OK, kids, it's time to put down that mustard-stained apron, give up the good life sliding plates of tuna salad in front of people immersed in “Das Kapital” and launch your career.
Luckily, June college graduates will jump into the strongest job market since 2002.
“This is the most competitive recruiting environment in years,” says Steve Pollock, president of WetFeet, a San Francisco-based career Web site targeted to the nation's best students.
Pollock says a preliminary survey of this year's graduating seniors shows them following the opportunities created by the new economy, with 25 percent headed for jobs in financial services; 25 percent management consulting; 23 percent investment banking or corporate finance; 19 percent other types of consulting and 8 percent in government or the nonprofit sector.
The Internet bubble popped in the spring of 2001, and the Sept. 11 terrorist attacks in New York and Washington, D.C., sent the economy into a skid. Declining investment and an unexpected drop in exports pushed the economy into a brief recession. The economy rebounded modestly in 2002 and 2003, but aided by strong consumer demand, a robust housing market and President George W. Bush's tax cuts, it kicked into a higher gear in 2004.
June 2002 graduates had a tough time by current standards. This year is expected to exceed 2005 — a very good year for June graduates — and is likely to rival the Internet boom years of the late 1990s.
The long-term employment outlook is strong. The U.S. Bureau of Labor Statistics expects the economy to add 21.3 million jobs between 2002 and 2012, boosting total employment to 165.3 million. That represents about 600,000 more jobs than were added between 1992 and 2002. However, with a bigger base, the projected 14.8 percent increase in total employment trails the 16.8 percent increase in the previous ten-year period.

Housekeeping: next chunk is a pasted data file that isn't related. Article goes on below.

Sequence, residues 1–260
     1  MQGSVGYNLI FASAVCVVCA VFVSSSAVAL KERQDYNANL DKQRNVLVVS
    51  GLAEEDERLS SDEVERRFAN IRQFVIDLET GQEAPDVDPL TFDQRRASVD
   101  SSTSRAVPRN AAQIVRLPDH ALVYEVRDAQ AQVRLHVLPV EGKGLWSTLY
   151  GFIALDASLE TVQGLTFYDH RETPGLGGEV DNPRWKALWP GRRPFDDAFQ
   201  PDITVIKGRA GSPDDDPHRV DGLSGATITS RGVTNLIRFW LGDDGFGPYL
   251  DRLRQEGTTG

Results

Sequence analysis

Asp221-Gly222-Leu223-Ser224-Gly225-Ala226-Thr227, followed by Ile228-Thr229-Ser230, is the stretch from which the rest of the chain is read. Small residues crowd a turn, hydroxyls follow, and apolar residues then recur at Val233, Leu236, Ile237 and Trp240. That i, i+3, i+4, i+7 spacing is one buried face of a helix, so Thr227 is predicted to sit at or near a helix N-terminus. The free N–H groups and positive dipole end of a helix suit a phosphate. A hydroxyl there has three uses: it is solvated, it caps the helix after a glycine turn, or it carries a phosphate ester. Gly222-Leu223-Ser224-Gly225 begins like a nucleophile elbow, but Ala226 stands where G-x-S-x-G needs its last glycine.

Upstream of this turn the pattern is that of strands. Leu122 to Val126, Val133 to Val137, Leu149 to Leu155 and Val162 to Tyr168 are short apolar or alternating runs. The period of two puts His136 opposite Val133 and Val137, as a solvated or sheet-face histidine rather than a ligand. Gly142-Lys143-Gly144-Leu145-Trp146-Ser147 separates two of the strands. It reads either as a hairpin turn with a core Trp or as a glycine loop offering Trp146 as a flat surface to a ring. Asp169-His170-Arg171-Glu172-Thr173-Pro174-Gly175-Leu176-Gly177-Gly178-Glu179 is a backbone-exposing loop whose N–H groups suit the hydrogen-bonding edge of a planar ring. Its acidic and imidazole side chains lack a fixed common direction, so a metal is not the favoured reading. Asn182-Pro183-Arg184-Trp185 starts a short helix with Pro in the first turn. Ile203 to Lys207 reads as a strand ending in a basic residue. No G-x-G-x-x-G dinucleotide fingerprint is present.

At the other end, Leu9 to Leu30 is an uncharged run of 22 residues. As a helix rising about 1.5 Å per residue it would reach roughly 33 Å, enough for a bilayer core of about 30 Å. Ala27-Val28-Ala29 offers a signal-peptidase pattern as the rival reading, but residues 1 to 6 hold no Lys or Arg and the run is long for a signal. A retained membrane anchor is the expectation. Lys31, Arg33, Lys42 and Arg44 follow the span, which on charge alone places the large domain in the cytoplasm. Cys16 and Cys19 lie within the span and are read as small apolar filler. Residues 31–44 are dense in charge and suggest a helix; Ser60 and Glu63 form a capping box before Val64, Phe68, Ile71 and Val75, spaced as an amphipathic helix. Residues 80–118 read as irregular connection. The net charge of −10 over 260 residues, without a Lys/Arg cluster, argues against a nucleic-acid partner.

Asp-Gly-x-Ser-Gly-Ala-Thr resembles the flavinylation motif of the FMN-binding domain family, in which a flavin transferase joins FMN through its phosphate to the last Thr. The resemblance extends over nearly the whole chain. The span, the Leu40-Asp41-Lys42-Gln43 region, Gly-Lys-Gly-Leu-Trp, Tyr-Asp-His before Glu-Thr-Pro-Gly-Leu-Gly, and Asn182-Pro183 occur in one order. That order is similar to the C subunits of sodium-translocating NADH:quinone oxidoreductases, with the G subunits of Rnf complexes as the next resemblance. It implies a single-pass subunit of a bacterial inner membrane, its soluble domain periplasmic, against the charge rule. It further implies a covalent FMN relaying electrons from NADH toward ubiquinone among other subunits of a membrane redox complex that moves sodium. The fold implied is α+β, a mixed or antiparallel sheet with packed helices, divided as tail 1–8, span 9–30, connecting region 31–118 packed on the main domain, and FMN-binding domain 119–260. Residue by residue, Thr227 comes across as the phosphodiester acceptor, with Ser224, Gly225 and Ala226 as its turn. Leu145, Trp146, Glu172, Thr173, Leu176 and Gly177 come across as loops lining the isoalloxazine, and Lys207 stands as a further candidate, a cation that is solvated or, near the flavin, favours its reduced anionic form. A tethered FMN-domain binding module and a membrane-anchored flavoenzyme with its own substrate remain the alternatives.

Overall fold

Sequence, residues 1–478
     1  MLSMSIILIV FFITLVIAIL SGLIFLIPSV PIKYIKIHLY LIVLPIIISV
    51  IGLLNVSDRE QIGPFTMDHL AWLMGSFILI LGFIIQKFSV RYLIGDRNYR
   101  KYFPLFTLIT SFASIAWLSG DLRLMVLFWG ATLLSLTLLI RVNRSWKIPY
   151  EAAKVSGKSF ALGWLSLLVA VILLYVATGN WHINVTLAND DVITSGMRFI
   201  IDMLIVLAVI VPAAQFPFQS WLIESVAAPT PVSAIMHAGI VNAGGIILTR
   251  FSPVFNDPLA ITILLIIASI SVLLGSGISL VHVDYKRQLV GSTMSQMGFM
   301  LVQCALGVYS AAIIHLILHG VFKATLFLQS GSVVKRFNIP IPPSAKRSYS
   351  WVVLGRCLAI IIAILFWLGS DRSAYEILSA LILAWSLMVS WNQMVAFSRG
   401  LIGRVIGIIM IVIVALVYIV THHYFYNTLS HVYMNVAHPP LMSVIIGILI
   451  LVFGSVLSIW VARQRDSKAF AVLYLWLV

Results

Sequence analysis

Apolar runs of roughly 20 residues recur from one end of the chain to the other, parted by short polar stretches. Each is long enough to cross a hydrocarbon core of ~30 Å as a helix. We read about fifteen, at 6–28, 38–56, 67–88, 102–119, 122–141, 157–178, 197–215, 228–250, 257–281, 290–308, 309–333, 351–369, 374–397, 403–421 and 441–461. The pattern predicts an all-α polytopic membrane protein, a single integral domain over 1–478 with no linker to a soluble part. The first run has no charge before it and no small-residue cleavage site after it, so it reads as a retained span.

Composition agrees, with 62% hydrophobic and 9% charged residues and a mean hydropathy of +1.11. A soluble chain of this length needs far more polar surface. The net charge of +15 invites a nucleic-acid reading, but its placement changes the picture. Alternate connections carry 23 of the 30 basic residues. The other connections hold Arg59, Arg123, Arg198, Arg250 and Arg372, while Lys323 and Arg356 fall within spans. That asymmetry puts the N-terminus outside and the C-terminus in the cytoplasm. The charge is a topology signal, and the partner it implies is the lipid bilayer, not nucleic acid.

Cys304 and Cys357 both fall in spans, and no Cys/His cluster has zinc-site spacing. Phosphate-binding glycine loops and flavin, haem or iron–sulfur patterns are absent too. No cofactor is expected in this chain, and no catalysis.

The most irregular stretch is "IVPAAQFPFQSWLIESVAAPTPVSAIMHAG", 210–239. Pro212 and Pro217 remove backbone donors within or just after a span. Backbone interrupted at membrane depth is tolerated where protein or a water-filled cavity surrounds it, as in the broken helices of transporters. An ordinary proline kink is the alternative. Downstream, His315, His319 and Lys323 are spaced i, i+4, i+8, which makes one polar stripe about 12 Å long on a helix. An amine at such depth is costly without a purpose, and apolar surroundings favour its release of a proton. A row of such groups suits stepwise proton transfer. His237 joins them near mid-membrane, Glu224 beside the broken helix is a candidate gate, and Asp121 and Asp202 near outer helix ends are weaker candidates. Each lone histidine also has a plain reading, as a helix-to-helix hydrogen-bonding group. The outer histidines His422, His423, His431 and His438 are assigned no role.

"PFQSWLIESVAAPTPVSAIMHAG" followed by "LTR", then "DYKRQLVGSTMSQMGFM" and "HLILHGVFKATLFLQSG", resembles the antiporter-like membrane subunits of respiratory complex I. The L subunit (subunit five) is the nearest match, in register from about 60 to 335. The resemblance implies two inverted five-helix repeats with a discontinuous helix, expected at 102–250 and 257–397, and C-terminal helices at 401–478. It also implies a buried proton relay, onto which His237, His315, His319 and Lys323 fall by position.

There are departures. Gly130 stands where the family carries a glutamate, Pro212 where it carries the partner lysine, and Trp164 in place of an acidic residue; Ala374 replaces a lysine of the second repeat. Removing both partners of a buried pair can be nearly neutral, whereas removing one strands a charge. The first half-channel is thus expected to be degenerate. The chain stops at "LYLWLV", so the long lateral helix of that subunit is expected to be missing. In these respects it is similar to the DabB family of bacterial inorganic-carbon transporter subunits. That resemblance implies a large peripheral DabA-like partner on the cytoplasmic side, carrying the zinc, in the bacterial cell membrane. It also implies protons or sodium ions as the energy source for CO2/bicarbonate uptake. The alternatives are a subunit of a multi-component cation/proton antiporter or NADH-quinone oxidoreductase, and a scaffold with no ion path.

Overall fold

The robust economy continues to reward those with talent and education. The strongest job growth will be at the top end of the scale — finance, management and engineering. Computer and health-related occupations account for 22 of the 30 fastest growing occupations surveyed by the Bureau of Labor Statistics. Sales and education also will be strong.
Anecdotal evidence suggests the roaring economy makes graduate school, once seen as a way to postpone adulthood for another year or two, less attractive to undergraduates, who appear eager to launch their careers.
“Students are much better informed than they were even five years ago,” Pollock says. “They have more realistic expectations, and this makes them better able to meet and negotiate with potential employers.”
Last year, the average base salary offered to June graduates was $44,574, plus an average signing bonus of $2,818, Pollock says.
This year's figures aren't complete, but June graduates aren't overselling themselves. According to polls, they expect to receive an annual starting salary of about $42,500 with an average signing bonus of $2,841. In 2005, June graduates did better than their expected starting pay of $41,950.
That kind of money can buy a lot of tuna salad. Some of the hottest jobs didn't exist a few years ago. Oh well, that's capitalism, Karl.